Renewable adoption continues to accelerate, with or without another Trump administration

Fundamentally, the ‘on-the-ground’ story in the US is positive for the energy transition. Despite Trump’s past hostility towards climate initiatives, there was notable growth in renewable adoption during his presidency.

For example, in 2016, the US wind industry grew by 10% and added 15,000 new jobs.[9] In 2019, $55.5 billion was spent on solar and wind projects, setting a new record in the US.[10] Also, the cost of making lithium-ion battery packs decreased by 89% over the past decade.[11] The cheaper production of these battery packs will make it easier for automakers to build and sell mass-market electric vehicles at a price accessible to more consumers.

These achievements in clean energy, among many others, happened not because of, but in spite of Trump’s presidency. This suggests that the power of the market and new technological advancements are pushing renewable energy expansion forward more than any political influence and noise.

This economic argument, which recognises the progression of renewable energy despite the intervention of political opinion, is particularly relevant today. Renewable energy sources like solar and wind have become the cheapest way to generate energy globally.[12] Between 2010 and 2022, the global weighted average cost of electricity from solar panels fell by almost 90% and is now one-third cheaper than the least expensive fossil fuel.[13]

Cheaper energy is particularly appealing to voters after several years of high inflation caused by higher energy prices. The effects of climate change combined with the use of traditional energy sources can have an inflationary impact, meaning they can lead to higher prices for consumers. For instance, in Texas, energy prices shot up by 800% during a heatwave last summer.[14]

You might also like: Where are we now? Revisiting the case for investing in renewable energy

At Tribe, our investment philosophy isn’t swayed by the uncertainties of binary market events like government elections. We focus on building resilient portfolios that we believe can withstand changes and continue to deliver both financial returns and positive impact over the long term.

As impact investors, a key focus for us is changing environmental policy, particularly regarding the Inflation Reduction Act. While it’s possible that parts of the IRA will receive some pushback from Republicans, we’ve been working to identify the sectors that’ll be net beneficiaries. For example, improving grid infrastructure is likely to have cross-party support. Furthermore, given the positive effect on jobs and infrastructure in both republican and democrat states, we believe a larger, wholesale repeal is unlikely.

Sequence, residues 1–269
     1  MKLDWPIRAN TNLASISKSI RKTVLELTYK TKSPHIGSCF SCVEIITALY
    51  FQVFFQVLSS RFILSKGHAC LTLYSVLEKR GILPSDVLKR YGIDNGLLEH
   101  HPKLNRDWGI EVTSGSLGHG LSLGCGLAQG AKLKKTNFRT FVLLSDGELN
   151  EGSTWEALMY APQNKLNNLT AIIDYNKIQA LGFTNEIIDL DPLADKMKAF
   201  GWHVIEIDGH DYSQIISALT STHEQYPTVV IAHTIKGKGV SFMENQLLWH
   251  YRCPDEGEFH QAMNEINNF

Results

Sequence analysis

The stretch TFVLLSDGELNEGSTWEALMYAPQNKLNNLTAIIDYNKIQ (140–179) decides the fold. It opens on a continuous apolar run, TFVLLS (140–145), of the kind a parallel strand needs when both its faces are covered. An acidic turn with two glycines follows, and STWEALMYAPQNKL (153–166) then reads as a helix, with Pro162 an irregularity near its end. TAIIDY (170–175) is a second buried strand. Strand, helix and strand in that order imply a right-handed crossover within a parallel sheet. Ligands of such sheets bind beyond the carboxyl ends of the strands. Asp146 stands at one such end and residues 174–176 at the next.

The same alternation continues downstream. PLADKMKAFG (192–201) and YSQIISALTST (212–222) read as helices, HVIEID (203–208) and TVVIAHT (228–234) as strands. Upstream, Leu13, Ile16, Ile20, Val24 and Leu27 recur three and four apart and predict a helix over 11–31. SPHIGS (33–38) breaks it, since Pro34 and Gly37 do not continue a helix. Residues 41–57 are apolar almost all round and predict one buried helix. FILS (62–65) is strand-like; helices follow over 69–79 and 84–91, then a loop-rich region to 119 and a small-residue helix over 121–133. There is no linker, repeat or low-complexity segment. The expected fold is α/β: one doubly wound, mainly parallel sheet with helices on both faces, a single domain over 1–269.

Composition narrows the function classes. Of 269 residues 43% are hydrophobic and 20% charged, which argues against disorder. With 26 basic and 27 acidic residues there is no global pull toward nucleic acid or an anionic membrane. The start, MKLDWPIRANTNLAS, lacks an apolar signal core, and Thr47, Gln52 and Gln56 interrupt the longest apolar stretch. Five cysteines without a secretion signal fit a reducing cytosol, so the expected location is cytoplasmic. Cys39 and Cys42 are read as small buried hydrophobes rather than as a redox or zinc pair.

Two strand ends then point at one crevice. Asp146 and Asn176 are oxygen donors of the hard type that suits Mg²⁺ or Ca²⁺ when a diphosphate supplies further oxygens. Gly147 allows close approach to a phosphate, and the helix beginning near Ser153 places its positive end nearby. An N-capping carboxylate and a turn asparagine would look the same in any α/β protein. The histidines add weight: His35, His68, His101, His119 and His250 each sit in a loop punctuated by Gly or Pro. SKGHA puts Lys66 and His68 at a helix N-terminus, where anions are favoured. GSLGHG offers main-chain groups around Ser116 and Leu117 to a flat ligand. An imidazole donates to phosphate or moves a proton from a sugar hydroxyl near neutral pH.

The reality is that despite any potential political challenges, the momentum towards a sustainable future remains strong. The green transition is accelerating across the US, with opportunities for impact investors to play a pivotal role in shaping a more resilient world.

[1] The lies Trump told this week: from murder rates to climate change, Guardian

[2] I’ll Scrap IRA Tax Credits on Day 1, Trump Says, Tax Notes

[3] Climate change: US formally withdraws from Paris agreement, BBC

[4] US renewables industry already reaping benefits from the Inflation Reduction Act, Oxford Economics

[5] Climate Power’s clean energy boom report as the Inflation Reduction Act turns one, Climate Power

[6] Ibid.

[7] Republican districts dominate US clean technology investment boom, Financial Times

[8] Reminder: The House Voted to Repeal Obamacare More Than 50 Times, TIME

[9] Wind Keeps Creating Jobs, Even as We Pull Out of Paris, Union of Concerned Scientists

[10] US smashes renewable energy investment record despite Trump, Recharge

[11] Trump’s unplanned gift to Biden: Clean energy on the rise, Politico

[12] Why did renewables become so cheap so fast?, Our World in Data

[13] Renewables Competitiveness Accelerates, Despite Cost Inflation, IRENA

[14] Electricity rates in Texas skyrocket amid statewide heat wave, CBS News